Print order volumes highest since 2010, survey shows

By Hannah Jordan, Monday 11 November 2013

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Volume and output increased in Q3 of 2013 and confidence is strong for the fourth quarter, according to the latest Printing Outlook survey.


The BPIF’s quarterly report, which surveyed 110 businesses, employing 10,835 people across the UK, revealed that 31% of respondents experienced a boost in orders compared to 15% for whom demand declined. Around half said order volumes were stable and three quarters (the highest number in 20 years) reported stable profit margins.

Meanwhile, production for around a third of respondents was on the rise in the last quarter thanks to a boost in new business contracts. Confidence among business owners is also picking up with around 50% predicting a continued rise in new business over the traditionally busier fourth quarter. Only 6% of respondents expect a decline, the report shows.

"It’s great news that productive output and confidence is returning to the printing industry. Not just for companies operating within the industry but the wider economy, from which our varied clients come," said BPIF chief executive Kathy Woodward.

Despite the recent negative reports and commentary describing the UK as an unattractive place for manufacturing, respondents to the latest Printing Outlook survey displayed a more confident mood with more than half (54%) expecting further general recovery during the next quarter of the year. This was partly attributed to Christmas business, but also a general uplift in confidence across the industry.

Capacity usage is also on the up across the industry, according to the research, with 71% of respondents working to at least 80% of capacity and 6% working to optimum capacity – also the best figures since 2011.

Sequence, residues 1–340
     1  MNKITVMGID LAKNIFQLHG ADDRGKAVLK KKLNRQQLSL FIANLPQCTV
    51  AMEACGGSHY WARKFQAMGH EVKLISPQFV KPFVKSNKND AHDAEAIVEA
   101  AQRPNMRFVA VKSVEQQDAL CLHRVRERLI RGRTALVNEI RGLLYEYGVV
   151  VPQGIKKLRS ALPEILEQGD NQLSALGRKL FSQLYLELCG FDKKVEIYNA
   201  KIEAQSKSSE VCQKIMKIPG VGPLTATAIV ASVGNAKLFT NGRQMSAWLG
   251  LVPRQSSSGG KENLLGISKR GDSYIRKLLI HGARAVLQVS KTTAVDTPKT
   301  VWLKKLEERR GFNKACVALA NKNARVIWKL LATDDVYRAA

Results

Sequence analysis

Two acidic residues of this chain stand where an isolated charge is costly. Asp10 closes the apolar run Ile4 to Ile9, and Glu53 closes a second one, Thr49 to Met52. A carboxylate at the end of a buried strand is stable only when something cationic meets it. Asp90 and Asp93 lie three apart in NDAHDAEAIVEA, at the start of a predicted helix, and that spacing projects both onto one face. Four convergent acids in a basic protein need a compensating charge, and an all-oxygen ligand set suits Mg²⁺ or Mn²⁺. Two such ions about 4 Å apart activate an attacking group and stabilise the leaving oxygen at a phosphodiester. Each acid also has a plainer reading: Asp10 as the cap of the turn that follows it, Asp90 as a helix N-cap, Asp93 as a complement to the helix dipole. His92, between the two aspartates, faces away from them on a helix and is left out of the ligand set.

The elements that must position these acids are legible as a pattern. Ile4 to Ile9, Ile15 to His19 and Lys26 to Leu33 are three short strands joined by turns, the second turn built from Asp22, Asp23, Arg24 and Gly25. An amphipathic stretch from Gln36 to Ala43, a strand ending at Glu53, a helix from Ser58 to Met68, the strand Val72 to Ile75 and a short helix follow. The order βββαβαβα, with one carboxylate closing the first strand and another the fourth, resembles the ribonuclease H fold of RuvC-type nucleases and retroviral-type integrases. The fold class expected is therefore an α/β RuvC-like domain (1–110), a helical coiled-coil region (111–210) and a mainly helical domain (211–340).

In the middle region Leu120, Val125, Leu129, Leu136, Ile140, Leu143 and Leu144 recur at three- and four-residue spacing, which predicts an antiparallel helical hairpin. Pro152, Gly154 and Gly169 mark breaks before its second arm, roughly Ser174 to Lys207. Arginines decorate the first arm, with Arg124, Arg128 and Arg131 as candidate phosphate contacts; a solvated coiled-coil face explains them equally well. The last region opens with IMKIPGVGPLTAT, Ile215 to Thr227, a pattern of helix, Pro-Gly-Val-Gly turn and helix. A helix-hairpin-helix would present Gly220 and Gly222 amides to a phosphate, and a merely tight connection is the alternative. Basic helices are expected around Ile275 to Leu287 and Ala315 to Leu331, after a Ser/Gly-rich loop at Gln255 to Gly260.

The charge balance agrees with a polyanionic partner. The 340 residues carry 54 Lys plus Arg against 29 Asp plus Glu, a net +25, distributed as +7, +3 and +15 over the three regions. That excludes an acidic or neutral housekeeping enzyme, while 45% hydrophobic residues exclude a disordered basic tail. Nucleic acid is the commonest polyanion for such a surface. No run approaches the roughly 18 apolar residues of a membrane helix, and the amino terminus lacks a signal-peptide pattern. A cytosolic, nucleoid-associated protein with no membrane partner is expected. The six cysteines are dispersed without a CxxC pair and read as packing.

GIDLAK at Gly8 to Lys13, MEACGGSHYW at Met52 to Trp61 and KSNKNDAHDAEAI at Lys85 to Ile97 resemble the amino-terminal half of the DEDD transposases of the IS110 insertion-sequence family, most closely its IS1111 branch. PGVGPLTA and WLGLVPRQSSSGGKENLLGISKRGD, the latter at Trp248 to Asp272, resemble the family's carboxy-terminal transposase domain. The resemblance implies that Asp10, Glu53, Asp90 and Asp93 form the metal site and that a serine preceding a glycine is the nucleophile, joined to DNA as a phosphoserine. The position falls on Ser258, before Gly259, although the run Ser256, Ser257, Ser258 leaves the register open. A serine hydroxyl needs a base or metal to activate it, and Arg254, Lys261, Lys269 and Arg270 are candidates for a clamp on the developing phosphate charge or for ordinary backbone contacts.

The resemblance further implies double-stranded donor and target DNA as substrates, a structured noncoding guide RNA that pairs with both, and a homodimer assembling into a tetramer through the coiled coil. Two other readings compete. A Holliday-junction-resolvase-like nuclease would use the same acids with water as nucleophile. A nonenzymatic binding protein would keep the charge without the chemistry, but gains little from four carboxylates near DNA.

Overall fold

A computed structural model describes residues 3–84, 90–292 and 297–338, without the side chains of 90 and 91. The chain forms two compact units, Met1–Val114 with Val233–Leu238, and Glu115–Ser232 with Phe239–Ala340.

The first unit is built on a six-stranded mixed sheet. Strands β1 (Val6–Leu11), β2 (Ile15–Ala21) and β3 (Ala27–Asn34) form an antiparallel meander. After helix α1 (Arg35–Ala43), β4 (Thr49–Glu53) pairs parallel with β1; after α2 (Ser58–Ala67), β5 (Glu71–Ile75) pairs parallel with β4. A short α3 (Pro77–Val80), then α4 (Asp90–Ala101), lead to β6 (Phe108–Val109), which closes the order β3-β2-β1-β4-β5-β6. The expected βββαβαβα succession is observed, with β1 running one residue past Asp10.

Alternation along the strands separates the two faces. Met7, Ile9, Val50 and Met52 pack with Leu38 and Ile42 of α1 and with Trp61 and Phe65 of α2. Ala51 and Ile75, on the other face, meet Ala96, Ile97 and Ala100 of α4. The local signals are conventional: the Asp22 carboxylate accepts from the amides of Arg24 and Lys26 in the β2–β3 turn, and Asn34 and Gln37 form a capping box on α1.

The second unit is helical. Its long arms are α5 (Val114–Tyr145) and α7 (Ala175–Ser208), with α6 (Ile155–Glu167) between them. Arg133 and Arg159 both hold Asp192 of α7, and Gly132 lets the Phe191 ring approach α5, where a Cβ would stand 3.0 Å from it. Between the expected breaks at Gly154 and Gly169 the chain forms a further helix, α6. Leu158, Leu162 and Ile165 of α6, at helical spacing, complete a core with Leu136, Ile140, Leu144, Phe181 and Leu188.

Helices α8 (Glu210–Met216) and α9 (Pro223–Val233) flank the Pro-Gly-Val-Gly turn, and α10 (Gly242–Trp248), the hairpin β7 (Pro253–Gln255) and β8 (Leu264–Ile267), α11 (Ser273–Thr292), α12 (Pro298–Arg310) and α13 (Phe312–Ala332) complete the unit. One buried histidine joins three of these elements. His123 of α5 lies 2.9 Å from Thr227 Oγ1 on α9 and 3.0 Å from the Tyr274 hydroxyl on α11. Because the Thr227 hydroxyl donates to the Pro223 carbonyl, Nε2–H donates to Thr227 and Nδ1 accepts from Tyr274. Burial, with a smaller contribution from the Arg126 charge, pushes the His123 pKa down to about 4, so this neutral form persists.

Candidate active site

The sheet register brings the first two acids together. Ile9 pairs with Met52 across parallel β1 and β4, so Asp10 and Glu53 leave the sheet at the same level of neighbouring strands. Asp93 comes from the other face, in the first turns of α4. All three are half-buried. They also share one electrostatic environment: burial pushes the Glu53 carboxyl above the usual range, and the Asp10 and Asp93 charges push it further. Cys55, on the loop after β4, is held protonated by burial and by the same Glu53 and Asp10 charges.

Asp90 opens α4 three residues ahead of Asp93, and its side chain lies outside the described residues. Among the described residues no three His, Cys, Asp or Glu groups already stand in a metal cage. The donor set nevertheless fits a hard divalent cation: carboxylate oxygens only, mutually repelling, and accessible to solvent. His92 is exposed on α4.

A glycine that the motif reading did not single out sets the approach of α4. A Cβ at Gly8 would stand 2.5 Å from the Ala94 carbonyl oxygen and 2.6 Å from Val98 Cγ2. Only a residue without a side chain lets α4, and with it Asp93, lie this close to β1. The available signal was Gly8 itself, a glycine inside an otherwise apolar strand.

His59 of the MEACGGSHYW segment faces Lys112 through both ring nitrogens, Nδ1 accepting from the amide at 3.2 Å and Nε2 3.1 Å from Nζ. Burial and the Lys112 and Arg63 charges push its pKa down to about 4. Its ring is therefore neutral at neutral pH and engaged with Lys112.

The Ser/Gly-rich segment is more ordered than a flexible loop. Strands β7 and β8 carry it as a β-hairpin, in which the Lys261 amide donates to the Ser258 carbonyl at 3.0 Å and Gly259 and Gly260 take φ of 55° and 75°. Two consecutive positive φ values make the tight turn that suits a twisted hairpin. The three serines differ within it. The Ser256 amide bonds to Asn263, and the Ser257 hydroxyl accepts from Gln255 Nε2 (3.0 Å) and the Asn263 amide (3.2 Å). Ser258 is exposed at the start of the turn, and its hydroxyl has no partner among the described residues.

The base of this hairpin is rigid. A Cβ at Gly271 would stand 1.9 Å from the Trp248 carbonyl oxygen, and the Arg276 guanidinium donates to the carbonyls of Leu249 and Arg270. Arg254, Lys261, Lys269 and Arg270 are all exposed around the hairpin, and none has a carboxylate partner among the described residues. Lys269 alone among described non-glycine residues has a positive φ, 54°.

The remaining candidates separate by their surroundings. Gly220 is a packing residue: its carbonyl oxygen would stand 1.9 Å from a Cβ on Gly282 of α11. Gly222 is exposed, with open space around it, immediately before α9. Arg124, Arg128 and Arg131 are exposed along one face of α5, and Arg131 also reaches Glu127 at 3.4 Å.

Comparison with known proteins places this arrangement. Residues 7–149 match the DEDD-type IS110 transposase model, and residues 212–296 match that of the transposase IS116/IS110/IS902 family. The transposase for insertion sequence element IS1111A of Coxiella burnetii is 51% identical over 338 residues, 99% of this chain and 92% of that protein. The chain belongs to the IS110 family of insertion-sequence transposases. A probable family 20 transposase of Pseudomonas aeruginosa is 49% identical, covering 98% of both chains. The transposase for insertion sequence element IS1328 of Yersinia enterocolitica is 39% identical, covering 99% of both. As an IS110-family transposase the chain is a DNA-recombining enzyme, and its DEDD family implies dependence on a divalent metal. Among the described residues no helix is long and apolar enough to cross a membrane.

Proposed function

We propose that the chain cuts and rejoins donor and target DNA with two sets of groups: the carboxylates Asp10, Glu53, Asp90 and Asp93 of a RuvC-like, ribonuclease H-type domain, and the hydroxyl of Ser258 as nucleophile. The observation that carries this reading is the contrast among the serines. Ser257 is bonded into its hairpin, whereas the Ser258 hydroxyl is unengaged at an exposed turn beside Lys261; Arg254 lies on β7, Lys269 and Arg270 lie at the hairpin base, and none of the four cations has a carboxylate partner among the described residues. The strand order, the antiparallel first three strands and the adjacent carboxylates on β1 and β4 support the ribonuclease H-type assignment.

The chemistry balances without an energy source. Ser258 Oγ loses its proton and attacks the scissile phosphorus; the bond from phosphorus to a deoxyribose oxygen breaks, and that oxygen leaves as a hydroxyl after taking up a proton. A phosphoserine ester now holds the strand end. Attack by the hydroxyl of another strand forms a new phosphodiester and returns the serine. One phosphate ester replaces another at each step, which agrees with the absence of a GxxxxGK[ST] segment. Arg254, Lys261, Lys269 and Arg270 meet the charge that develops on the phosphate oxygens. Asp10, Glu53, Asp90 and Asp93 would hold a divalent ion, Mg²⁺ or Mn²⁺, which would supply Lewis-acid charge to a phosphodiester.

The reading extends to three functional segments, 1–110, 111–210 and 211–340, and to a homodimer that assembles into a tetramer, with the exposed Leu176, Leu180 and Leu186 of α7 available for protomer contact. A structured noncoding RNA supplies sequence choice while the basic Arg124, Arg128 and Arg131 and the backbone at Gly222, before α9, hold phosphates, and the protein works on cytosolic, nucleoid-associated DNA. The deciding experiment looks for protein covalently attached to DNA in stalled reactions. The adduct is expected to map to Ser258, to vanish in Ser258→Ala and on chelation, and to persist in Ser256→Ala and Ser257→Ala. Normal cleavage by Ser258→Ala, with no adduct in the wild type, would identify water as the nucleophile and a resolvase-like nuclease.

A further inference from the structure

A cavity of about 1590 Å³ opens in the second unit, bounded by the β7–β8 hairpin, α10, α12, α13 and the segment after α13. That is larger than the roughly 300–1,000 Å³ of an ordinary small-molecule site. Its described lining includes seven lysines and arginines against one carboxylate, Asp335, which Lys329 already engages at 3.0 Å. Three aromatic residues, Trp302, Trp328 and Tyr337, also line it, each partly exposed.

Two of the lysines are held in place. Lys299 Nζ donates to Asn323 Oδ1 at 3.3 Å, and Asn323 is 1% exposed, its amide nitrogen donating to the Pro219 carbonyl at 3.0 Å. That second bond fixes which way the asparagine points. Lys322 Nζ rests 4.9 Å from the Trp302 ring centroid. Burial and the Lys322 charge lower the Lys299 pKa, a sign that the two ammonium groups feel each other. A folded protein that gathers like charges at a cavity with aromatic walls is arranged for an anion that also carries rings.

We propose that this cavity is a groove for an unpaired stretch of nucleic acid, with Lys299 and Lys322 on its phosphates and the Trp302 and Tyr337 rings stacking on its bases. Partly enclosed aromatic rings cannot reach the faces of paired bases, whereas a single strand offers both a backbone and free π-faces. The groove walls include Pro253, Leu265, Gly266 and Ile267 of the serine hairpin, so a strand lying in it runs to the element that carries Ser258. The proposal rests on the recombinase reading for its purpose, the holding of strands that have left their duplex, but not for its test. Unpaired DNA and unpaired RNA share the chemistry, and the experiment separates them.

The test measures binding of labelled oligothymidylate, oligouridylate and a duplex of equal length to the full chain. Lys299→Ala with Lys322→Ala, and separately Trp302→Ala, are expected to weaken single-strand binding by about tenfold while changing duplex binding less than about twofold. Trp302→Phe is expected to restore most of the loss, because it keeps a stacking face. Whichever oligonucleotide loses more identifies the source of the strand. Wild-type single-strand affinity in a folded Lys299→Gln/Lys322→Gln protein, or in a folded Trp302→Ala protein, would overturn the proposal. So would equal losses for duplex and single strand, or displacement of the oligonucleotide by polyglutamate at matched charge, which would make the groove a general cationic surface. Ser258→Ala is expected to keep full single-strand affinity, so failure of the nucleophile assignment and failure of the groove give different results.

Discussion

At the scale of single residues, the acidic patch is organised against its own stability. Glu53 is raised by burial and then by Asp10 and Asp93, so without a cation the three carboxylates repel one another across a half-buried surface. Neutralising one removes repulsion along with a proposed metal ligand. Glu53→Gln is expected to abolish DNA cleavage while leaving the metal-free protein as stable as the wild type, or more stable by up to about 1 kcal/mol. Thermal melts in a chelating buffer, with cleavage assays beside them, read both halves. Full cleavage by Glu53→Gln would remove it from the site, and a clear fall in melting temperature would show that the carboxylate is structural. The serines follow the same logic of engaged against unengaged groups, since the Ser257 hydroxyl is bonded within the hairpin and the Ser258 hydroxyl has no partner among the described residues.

On the greatest challenges affecting businesses, three quarters of respondents cited competitors’ undercutting prices to win business, with insufficient profit to invest and pre-pack administrations the next two greatest concerns of printing industry bosses.

Cost pressures also feature as a challenge with energy hikes taking the top spot followed by ‘other’, labour and ink.

Woodward said the BPIF was actively seeking reform in pre-pack legislation and was in talks with government officials on the matter.

She added: "We’re also aware of the impact of rising energy costs so we’ve been collaborating with other trade associations to review the government’s Electricity Market Reform Bill and influence energy policy, as well as working with specialists in energy management so that we can get best practice advice and guidance for BPIF members."

Once again, payment terms were a problem with 48% of those surveyed forced to accept longer payment terms from their customers. Borrowing, meanwhile, is getting easier although it has become more expensive, respondents said.

The latest Printing Outlook survey was carried out between 1 and 14 October.

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